My senses not only help me navigate my world by teaching me the qualities and measures of my surroundings, but also trigger memories, both the hauntingly good and the debilating bad.

For me, my senses of smell and taste are the most acute. I can suss out a recipe just by smelling a dish or I’ll smell a certain aroma and be immediately transported to another time and place. I tend to take for granted my senses of sound and sight, delegating them to the background as long as I’m not bothered by loud noise.

My first trip back to Lebanon as an adult proved me wrong! Yes, the insistent, jarring Beirut traffic noises challenged my nerves, but the soothing Mediterranean waves lapping against the beaches still had a way of calming my soul.

On my first Sunday morning back home, I awoke to clanging noise. However, it didn’t bother me! I lay in bed with my eyes still closed and a huge smile on my face. I had forgotten about the old familiar cacophony of competing church bells bouncing off the mountain walls, echoing invitations from one village to another to come and worship.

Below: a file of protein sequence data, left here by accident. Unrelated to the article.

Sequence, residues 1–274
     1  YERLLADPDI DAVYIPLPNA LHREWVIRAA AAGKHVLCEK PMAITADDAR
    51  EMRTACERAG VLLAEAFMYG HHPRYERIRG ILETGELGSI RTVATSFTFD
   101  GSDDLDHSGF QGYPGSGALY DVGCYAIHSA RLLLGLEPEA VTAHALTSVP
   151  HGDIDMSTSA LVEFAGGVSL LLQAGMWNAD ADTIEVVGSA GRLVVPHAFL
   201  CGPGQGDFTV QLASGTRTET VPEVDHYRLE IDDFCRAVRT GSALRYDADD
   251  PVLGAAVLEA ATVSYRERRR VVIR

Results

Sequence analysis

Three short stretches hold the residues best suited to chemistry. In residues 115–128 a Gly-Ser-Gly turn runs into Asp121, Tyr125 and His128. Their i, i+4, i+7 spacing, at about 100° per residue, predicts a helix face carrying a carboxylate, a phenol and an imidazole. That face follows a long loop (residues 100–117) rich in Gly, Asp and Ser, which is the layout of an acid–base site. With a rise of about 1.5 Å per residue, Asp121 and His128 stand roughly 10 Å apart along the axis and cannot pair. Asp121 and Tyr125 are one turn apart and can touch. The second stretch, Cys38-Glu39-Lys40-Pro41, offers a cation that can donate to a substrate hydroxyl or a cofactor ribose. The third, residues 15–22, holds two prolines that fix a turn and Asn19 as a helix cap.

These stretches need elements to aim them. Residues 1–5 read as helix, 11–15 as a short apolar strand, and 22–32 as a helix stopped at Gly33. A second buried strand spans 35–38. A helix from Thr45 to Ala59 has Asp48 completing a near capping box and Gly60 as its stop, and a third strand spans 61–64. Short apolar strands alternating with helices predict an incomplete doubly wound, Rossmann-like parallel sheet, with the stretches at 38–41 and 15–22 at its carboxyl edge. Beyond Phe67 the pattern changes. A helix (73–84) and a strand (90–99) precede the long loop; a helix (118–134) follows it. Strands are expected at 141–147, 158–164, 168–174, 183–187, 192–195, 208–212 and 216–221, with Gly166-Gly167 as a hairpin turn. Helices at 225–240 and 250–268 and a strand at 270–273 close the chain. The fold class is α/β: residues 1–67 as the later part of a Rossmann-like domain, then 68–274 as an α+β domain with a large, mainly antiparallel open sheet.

I’m remembering these noisy bells and challenging myself this holiday season to reinterpret the busy cacophony of mixed-up family gatherings into joyous bells of gratitude because of the hope shining in each grandchild’s eyes, as well as the hope reflected in the best practices of each represented adult. I want to exemplify the love about which 1st Corinthians chapter 13 speaks. 

“If I speak in the tongues of men and angels, but have not love, I am only a resounding gong or a clanging cymbal. . . Love is patient, love is kind. . .”

What messages are your Christmas bells sending this year?

I heard the bells on Christmas day, their old familiar carols play, and wild and sweet, the words repeat, of peace on earth goodwill to men.

Henry W. Longfellow, 1807-1882

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